Don’t challenge this city. We are resilient. Still we rise, y’all. Ain’t nobody gonna take New Orleans down. Whether it’s floods, or winds, or bullets- we rebuild. Every single time. We come back. And we come back better than ever.
I feel for the tourists who don’t know better. They come to New Orleans, stay on Bourbon Street and then tell the locals they had a good time and all, but it smells like piss and it’s so dirty. Well, I’ll tell you something- nobody that actually lives in New Orleans is drinking a hand grenade, throwing their cup into the street, and pissing on a wall. We’re at oyster happy hour talking with friends over Chenin Blanc and hot sauce. We’re at a neighbor’s boil drinking Abitas and listening to a marching band practice for Mardi Gras. I hate to be that local- the one that tells you how to be more like a local. Hey, it’s your vacation- if you want to spend all of it eating pizza and drinking sugary vodka that’s your journey, man.
And I know New Orleans is dirty- you try cleaning the dirt out of 200 year old cobblestones. You try pulling all the beads off of the power lines and tree branches and out of gutters. We’re doing the best we can. But sometimes, you gotta understand, we have to drop everything to grab our parasols and jump into the second line. Sometimes we don’t have time between rolling in a parade, sitting in traffic on the Westbank Expressway, and you know, occasionally day drinking all day on Sunday in our Saints jerseys. But you don’t need to cut us any slack. This is the way we like to do things. This is how it is. And this is why we have so much soul. So much beauty and tragedy and history. Because we preserve it and we even though we’ll make tweaks here and there, for the most part, we New Orleaneans don’t change. And it’s not because we don’t like change, or that we’re afraid of it. It’s simply cuz things have been pretty great here for awhile. If it ain’t broke, don’t fix it.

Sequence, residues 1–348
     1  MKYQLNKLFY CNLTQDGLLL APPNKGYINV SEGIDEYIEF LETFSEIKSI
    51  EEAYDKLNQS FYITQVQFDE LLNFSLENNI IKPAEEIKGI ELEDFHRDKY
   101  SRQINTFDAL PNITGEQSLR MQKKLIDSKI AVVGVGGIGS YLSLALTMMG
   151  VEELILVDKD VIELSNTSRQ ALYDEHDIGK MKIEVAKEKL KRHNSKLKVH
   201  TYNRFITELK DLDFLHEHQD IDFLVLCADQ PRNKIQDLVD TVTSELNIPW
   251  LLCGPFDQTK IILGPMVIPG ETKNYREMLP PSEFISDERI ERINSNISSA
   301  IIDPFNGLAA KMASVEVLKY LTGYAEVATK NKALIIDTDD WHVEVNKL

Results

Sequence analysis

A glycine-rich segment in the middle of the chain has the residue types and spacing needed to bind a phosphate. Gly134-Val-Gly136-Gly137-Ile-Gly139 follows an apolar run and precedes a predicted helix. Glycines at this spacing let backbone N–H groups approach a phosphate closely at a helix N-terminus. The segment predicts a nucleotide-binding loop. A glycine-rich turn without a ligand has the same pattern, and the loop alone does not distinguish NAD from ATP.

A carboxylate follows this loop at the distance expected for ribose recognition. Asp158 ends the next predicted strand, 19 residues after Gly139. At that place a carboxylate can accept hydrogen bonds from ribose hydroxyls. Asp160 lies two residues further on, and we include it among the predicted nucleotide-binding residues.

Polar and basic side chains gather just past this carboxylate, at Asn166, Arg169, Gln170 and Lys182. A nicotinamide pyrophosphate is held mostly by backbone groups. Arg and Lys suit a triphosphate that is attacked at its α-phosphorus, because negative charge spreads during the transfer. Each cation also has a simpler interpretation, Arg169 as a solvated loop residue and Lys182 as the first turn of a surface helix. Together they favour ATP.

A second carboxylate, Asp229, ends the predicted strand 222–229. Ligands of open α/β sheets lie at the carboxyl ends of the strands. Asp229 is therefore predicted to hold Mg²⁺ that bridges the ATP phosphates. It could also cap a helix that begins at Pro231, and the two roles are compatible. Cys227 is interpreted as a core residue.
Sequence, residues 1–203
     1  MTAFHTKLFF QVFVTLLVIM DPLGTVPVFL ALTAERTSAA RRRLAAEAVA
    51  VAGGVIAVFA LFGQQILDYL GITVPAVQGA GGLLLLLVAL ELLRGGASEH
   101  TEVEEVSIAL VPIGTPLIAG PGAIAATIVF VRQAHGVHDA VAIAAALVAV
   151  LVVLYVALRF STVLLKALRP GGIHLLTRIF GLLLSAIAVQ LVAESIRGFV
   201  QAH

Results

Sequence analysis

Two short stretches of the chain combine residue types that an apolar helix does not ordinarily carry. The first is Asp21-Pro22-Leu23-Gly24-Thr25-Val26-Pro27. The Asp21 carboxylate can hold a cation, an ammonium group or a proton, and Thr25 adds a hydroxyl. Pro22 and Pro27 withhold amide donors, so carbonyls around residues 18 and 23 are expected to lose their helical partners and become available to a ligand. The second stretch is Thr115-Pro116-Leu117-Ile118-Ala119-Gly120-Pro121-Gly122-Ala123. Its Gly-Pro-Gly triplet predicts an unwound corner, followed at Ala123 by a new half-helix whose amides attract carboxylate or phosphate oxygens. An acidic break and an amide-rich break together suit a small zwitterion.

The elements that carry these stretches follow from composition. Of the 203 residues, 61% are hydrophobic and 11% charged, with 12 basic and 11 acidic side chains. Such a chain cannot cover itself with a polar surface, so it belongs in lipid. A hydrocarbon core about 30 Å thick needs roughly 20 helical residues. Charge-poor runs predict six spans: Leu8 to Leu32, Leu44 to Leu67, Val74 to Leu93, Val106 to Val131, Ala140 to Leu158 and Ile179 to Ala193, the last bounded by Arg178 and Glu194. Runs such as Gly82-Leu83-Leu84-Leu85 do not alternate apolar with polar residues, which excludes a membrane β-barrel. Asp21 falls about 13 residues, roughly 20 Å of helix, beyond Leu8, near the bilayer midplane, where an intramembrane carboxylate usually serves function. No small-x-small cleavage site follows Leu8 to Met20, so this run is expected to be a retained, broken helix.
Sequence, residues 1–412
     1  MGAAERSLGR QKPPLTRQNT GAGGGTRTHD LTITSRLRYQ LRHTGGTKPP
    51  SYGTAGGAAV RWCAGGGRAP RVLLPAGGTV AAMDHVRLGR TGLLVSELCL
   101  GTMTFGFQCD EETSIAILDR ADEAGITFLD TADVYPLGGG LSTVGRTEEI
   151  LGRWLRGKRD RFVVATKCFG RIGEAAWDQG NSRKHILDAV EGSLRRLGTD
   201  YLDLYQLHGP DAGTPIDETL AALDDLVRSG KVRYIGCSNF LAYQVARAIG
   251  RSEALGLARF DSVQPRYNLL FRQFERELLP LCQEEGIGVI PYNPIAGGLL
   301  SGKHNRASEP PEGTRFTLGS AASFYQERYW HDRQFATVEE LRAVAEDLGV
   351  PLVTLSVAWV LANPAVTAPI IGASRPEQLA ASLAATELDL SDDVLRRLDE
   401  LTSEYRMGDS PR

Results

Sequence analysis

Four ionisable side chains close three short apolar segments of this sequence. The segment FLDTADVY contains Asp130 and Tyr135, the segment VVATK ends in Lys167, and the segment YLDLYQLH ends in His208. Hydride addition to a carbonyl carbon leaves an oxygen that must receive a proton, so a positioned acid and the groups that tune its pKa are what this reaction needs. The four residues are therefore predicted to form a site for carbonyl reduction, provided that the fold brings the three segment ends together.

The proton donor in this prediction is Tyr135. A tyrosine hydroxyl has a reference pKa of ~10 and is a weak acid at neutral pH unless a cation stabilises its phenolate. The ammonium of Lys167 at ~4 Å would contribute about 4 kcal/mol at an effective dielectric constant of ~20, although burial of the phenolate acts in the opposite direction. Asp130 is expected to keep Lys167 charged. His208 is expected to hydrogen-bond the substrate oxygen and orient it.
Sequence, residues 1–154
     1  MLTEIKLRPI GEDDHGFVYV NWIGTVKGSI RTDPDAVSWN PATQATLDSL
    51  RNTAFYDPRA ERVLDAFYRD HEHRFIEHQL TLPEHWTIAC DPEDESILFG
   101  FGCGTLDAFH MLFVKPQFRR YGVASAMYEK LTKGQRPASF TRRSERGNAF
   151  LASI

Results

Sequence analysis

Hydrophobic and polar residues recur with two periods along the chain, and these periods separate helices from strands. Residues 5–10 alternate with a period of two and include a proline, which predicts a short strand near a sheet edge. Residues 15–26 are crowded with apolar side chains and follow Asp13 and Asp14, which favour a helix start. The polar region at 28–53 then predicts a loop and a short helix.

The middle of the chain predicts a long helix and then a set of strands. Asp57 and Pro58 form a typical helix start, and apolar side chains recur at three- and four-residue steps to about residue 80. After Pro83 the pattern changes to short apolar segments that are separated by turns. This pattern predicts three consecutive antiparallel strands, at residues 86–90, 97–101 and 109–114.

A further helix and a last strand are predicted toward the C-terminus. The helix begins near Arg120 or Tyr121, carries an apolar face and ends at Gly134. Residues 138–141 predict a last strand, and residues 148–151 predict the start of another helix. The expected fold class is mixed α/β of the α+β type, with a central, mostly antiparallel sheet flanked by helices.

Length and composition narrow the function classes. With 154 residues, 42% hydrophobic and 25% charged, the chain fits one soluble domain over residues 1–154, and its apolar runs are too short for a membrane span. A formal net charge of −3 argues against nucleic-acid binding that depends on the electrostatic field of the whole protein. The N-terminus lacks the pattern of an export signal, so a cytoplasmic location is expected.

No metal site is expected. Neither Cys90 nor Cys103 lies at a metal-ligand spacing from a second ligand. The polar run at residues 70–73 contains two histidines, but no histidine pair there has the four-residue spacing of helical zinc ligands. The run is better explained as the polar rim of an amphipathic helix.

We have voodoo, vampires, witches, and cemeteries. We have donkeys pulling carriages, drinking in the streets, homeless people masquerading as fortune-tellers (and a few legitimate ones), and parades all year. We have Voodoo Fest, Jazz Fest, French Quarter Fest, Creole Tomato Fest, Oyster Fest, Strawberry Fest, Po Boy Fest, and alligator cheesecakes. We have the Camellia Grille, magnolia trees, Laurel Street, and Spanish Moss.
Living in New Orleans has been the best decision I could have made. I’m an old soul. I like a place with a heartbeat. I like a place where I can drink in the street. I like a place where the seafood is fried and comes with a side of more fried. I love New Orleans. And New Orleans loves me back. And I think we’re going to be happy together for a very long time. And even though sometimes I forget to love her and give her the respect she deserves, something always wakes me back up and brings me back to this love affair. The hum the steamboats on the Mississippi, the street musicians or street performers or Miss Ashley Traffic Tranny directing tourists in her whistle and thong. The houses, the statues, the petals of the Japanese Magnolias making me slip all over the sidewalk. The potholes and crawfish and parades. I love you, New Orleans. Don’t you ever change.